Japitva, Japitvā: 2 definitions
Japitva means something in Hinduism, Sanskrit, Buddhism, Pali. If you want to know the exact meaning, history, etymology or English translation of this term then check out the descriptions on this page. Add your comment or reference to a book if you want to contribute to this summary article.
Languages of India and abroad
Pali-English dictionarySource: BuddhaSasana: Concise Pali-English Dictionary
japitvā : (abs. of japati) having uttered; having mumbled.
Pali is the language of the Tipiṭaka, which is the sacred canon of Theravāda Buddhism and contains much of the Buddha’s speech. Closeley related to Sanskrit, both languages are used interchangeably between religions.
Sanskrit dictionarySource: Cologne Digital Sanskrit Dictionaries: Shabda-Sagara Sanskrit-English Dictionary
Japitvā (जपित्वा).—ind. Having repeatedinaudibly. E. jap, and ktvā affix, iṭ inserted.
Sanskrit, also spelled संस्कृतम् (saṃskṛtam), is an ancient language of India commonly seen as the grandmother of the Indo-European language family (even English!). Closely allied with Prakrit and Pali, Sanskrit is more exhaustive in both grammar and terms and has the most extensive collection of literature in the world, greatly surpassing its sister-languages Greek and Latin.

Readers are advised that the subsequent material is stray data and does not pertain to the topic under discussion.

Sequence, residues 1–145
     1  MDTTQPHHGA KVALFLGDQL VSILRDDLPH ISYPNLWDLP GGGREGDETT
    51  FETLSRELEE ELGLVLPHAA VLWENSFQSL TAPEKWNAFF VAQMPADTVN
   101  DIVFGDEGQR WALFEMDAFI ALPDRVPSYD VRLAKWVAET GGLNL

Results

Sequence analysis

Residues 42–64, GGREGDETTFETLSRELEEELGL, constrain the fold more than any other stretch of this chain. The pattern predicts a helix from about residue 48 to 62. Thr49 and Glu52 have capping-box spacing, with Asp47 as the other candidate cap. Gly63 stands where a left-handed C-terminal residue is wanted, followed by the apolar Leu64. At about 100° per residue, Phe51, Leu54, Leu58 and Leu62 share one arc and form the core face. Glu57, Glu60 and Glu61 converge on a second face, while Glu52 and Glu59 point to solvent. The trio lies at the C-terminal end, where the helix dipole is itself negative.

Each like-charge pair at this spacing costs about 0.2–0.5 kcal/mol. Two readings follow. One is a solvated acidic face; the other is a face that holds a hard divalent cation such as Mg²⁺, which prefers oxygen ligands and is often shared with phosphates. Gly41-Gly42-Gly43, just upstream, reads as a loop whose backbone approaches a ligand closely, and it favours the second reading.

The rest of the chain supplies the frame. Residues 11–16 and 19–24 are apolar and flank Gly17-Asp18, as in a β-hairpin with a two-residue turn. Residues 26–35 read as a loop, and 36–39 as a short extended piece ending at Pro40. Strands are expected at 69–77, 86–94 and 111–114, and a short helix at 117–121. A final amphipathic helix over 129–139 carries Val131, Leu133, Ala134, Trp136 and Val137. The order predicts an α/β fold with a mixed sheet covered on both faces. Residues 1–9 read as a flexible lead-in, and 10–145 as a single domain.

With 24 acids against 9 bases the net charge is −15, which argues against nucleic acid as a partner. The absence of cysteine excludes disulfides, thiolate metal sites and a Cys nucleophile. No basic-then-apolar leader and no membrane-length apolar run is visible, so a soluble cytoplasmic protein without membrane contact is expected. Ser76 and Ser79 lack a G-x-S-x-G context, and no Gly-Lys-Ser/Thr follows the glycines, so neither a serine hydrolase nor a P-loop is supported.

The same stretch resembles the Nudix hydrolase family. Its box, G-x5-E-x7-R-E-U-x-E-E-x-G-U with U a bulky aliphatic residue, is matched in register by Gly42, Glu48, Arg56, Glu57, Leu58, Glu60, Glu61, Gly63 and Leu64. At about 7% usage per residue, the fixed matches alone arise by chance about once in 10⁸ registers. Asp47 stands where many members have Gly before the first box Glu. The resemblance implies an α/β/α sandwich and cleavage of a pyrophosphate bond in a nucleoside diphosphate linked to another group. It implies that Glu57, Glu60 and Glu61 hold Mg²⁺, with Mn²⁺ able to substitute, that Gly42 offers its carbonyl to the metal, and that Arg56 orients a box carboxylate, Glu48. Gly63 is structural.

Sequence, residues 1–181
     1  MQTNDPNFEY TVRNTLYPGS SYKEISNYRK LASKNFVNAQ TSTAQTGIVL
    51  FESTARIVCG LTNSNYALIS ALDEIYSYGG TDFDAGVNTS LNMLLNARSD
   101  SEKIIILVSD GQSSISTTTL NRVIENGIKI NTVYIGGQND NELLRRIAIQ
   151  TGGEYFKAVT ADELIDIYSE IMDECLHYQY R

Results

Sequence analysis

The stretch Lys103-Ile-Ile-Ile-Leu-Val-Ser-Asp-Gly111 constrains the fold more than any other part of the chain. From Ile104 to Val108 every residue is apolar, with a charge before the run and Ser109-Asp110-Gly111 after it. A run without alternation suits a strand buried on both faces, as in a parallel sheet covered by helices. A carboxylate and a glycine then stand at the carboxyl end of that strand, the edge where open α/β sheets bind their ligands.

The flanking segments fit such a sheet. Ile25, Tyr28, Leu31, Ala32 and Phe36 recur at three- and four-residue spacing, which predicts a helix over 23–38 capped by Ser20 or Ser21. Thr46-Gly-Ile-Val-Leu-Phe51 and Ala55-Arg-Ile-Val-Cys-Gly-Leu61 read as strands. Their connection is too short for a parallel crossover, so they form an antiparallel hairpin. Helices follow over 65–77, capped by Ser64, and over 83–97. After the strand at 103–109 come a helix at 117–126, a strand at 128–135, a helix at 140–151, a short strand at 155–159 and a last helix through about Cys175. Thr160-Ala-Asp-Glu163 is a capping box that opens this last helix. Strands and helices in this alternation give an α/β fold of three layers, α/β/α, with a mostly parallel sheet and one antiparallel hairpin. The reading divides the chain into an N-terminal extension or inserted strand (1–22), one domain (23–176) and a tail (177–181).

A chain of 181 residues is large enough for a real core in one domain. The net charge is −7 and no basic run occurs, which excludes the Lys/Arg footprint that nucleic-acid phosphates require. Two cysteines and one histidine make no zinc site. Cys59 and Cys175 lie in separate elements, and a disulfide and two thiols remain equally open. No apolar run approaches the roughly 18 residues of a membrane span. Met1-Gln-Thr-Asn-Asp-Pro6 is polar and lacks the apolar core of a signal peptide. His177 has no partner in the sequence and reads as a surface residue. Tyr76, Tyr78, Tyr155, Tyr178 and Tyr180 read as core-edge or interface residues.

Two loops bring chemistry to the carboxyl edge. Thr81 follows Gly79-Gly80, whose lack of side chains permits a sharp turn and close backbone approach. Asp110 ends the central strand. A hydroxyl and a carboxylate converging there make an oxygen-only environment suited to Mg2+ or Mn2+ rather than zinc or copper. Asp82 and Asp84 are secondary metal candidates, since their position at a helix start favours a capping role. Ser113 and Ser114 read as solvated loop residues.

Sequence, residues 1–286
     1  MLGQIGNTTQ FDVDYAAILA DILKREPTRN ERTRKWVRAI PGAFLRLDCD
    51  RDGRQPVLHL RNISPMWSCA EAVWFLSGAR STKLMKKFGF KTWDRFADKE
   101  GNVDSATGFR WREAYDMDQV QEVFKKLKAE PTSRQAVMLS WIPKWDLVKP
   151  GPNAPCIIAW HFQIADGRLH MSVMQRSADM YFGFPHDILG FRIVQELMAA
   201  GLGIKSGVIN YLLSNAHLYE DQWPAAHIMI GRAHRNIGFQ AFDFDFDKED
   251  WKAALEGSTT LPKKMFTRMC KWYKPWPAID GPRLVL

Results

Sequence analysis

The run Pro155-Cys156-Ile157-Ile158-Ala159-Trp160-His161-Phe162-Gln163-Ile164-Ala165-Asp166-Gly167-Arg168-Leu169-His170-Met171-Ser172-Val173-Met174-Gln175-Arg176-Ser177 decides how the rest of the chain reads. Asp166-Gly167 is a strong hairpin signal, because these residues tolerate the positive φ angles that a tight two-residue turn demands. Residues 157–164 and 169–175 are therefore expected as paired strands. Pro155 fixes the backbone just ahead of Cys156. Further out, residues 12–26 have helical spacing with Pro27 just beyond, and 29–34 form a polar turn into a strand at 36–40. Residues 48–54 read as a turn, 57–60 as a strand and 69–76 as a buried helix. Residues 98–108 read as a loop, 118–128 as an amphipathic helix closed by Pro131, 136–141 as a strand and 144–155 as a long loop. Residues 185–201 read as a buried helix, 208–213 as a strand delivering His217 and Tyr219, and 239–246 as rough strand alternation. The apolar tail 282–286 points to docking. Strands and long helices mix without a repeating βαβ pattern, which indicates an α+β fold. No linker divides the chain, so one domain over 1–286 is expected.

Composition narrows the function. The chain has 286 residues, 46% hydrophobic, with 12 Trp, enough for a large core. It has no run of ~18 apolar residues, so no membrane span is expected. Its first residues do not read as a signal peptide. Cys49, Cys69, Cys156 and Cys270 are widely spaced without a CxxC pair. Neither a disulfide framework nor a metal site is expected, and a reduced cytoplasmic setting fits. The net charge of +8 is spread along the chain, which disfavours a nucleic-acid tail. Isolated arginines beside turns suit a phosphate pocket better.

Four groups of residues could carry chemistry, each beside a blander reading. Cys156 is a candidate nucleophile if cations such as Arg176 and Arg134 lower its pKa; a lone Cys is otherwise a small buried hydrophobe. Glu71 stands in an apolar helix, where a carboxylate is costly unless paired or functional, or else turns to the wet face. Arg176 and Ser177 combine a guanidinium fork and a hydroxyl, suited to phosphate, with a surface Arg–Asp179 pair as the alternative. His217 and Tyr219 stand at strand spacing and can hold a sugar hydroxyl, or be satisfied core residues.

See also (Relevant definitions)
Search found 2 books and stories containing Japitva, Japitvā; (plurals include: Japitvas, Japitvās). You can also click to the full overview containing English textual excerpts. Below are direct links for the most relevant articles:
Manusmriti with the Commentary of Medhatithi (by Ganganatha Jha)
Verse 11.251 < [Section XXXII - Expiation of Secret Sins]
Verse 11.194 < [Section XXII - Expiation for Brāhmaṇas acquiring Property by Improper Means]
Verse 11.259 < [Section XXXII - Expiation of Secret Sins]
Sankhayana-grihya-sutra (by Hermann Oldenberg)